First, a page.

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Edinburgh Fringe ticket sales “exceeded all expectation”

After having to run a scaled-back event this year, Edinburgh Festival Fringe Society says that it considers the festival a success.

Through a mixture of physical and online events, the festival in the Scottish capital (pictured) was able to go ahead for the first time since 2019. While Shona McCarthy, chief executive of the Edinburgh Fringe Society said that exact ticket sales will not yet be known, she also said that sales “have exceeded all expectation”.

It has also been reported that more than 65,000 tickets were sold by theSpaceUK, a live performance production company, across its four stages alone. 

Charles Pamment, director of theSpaceUK, said: “Eight weeks ago, we were unsure if we could make anything work, but thanks to the Scottish Government, the council and our wonderful venue partners at Surgeons Quarter we jointly took the risk to make something happen.”

Organisers suggested that the pandemic and restrictions on travel did have an effect on the diversity of the audience, as figures showcased that over a third of the audience was from Edinburgh. A further 17% were from the rest of Scotland while 44% were from the wider United Kingdom. Attendees from over 150 countries were present in 2019.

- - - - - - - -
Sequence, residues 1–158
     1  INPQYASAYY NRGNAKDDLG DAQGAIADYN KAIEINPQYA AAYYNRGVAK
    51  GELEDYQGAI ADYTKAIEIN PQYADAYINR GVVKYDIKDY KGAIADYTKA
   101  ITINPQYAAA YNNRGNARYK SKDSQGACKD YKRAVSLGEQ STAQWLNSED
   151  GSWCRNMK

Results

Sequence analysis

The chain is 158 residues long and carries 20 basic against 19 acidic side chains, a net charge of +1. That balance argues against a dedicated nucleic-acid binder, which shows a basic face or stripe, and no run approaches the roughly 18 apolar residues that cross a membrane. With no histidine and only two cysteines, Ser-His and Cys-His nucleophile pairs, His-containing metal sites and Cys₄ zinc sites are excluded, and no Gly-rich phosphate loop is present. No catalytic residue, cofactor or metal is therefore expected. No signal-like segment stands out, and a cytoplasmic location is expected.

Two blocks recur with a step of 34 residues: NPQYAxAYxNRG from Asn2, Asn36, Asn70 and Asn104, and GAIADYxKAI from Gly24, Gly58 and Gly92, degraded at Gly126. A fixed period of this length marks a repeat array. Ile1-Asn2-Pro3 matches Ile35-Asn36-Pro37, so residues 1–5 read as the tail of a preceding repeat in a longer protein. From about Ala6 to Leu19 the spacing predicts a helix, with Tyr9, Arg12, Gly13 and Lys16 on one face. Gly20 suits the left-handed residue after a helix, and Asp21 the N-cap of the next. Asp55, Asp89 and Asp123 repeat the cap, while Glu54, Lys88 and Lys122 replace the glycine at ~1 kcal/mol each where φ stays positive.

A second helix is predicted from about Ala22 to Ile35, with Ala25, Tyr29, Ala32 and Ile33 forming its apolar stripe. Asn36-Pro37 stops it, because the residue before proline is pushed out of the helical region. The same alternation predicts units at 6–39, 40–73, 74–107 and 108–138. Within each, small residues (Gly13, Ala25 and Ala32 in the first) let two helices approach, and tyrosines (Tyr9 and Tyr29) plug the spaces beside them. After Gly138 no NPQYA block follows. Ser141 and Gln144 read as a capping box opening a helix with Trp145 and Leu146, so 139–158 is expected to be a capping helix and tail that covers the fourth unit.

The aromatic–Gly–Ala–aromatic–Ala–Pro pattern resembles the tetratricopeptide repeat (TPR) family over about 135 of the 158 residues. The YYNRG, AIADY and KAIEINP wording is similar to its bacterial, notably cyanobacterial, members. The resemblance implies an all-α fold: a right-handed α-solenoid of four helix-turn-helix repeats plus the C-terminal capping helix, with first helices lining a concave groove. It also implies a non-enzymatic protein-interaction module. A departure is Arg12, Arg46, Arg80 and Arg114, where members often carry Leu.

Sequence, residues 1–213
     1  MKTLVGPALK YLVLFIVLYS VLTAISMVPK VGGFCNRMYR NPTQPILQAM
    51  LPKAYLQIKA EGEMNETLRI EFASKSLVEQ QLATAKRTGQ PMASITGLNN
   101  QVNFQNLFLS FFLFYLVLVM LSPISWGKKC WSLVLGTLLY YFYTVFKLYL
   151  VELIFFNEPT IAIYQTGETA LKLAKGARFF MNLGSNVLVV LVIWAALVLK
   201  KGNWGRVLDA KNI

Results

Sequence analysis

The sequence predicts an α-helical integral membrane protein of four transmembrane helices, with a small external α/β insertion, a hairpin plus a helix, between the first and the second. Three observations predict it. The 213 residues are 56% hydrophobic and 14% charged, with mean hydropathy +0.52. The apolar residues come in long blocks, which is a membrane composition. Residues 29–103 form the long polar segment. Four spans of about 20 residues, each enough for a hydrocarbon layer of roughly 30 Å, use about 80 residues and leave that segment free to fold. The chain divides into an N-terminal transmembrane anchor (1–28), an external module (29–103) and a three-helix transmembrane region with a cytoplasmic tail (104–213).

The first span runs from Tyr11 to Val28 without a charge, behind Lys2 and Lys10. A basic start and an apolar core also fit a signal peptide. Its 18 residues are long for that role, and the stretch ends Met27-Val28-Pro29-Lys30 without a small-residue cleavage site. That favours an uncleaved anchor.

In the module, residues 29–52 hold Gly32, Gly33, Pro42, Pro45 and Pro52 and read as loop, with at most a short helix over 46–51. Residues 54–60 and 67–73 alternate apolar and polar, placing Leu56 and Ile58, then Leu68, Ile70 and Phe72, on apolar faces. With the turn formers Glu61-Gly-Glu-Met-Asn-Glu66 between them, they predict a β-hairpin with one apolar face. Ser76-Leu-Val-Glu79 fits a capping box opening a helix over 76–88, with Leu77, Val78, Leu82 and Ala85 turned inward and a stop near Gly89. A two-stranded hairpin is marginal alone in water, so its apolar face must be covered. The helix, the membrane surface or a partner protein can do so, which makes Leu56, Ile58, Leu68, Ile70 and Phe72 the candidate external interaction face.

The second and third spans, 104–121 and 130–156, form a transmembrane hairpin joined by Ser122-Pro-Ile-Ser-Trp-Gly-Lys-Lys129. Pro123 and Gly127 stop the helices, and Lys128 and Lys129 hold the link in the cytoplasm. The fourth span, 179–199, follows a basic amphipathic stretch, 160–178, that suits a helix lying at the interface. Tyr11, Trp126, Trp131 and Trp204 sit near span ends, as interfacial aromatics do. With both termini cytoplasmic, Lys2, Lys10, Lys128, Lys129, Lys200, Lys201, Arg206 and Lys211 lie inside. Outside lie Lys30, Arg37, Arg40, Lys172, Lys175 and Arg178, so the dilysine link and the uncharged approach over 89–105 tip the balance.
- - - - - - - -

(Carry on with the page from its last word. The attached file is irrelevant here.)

Also in 2019 however, there was a record number of tickets (856,541) bought by residents in Edinburgh.

McCarthy said: “When registration opened in May, we had no way of knowing for sure what this summer would look like. Today, we celebrate every single show that has been brought to life. 

“I’d like to personally thank and congratulate everyone that made it happen, as well as our audiences, sponsors and supporters who have cheered us on and offered much-needed support through this wild and unexpected year.”

Despite the successful event, the society recently launched a £7.5m (€8.7m/$10.4m) appeal after being badly affected by the COVID-19 pandemic. 

McCarthy added: “We’ve still got work to do to ensure the Fringe recovers – but recovery isn’t about growth in the statistical sense. It’s about growth as a Fringe community. As we move forward with our ‘Save the Fringe’ campaign and continue to champion this festival and the wider arts, we’ll be calling on everyone to help us shape what the future of this fantastic festival holds.”

Image: Adam Wilson on Unsplash